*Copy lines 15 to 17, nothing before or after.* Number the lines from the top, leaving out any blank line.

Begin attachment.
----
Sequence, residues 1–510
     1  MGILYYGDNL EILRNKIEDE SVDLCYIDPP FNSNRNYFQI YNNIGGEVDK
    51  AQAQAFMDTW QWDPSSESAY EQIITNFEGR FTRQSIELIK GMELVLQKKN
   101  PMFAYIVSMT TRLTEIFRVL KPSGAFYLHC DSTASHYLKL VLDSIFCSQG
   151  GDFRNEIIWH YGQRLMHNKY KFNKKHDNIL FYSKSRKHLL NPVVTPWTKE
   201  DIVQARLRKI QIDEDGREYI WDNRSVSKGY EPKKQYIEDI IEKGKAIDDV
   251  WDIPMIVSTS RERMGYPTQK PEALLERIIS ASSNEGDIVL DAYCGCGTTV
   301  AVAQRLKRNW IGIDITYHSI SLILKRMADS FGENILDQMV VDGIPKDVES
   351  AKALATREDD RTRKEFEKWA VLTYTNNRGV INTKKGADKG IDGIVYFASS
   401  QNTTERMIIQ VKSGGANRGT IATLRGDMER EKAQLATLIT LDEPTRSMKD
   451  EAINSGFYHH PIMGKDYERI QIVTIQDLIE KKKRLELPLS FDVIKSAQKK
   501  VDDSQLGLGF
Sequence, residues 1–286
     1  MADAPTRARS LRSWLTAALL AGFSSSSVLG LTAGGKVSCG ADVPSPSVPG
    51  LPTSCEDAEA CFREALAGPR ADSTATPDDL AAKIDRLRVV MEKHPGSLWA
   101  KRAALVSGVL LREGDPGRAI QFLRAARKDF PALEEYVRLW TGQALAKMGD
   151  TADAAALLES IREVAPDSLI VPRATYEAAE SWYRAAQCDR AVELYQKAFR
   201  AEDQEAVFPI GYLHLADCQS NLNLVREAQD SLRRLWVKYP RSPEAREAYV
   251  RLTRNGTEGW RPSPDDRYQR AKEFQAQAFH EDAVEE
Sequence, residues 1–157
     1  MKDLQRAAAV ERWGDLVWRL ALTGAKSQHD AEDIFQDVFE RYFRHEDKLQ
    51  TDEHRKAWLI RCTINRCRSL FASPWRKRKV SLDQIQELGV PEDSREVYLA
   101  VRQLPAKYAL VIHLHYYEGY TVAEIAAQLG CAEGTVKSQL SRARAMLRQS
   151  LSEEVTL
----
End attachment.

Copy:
    51  LPTSCEDAEA CFREALAGPR ADSTATPDDL AAKIDRLRVV MEKHPGSLWA
   101  KRAALVSGVL LREGDPGRAI QFLRAARKDF PALEEYVRLW TGQALAKMGD
   151  TADAAALLES IREVAPDSLI VPRATYEAAE SWYRAAQCDR AVELYQKAFR